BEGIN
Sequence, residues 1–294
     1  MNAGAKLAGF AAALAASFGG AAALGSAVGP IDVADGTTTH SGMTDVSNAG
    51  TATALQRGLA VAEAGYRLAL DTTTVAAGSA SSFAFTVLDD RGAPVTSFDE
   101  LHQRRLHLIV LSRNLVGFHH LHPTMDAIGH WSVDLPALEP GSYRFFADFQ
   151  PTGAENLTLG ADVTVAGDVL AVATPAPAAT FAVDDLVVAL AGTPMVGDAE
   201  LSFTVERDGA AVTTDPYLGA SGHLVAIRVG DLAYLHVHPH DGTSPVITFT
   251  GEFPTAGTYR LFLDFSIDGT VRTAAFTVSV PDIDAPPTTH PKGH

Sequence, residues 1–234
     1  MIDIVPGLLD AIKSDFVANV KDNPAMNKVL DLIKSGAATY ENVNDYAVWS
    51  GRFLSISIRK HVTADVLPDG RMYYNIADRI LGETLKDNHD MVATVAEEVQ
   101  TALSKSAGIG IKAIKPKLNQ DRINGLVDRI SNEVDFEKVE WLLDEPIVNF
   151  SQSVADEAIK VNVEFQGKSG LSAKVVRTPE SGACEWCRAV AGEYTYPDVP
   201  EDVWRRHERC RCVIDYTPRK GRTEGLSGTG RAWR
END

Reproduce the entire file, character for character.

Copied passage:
Sequence, residues 1–294
     1  MNAGAKLAGF AAALAASFGG AAALGSAVGP IDVADGTTTH SGMTDVSNAG
    51  TATALQRGLA VAEAGYRLAL DTTTVAAGSA SSFAFTVLDD RGAPVTSFDE
   101  LHQRRLHLIV LSRNLVGFHH LHPTMDAIGH WSVDLPALEP GSYRFFADFQ
   151  PTGAENLTLG ADVTVAGDVL AVATPAPAAT FAVDDLVVAL AGTPMVGDAE
   201  LSFTVERDGA AVTTDPYLGA SGHLVAIRVG DLAYLHVHPH DGTSPVITFT
   251  GEFPTAGTYR LFLDFSIDGT VRTAAFTVSV PDIDAPPTTH PKGH

Sequence, residues 1–234
     1  MIDIVPGLLD AIKSDFVANV KDNPAMNKVL DLIKSGAATY ENVNDYAVWS
    51  GRFLSISIRK HVTADVLPDG RMYYNIADRI LGETLKDNHD MVATVAEEVQ
   101  TALSKSAGIG IKAIKPKLNQ DRINGLVDRI SNEVDFEKVE WLLDEPIVNF
   151  SQSVADEAIK VNVEFQGKSG LSAKVVRTPE SGACEWCRAV AGEYTYPDVP
   201  EDVWRRHERC RCVIDYTPRK GRTEGLSGTG RAWR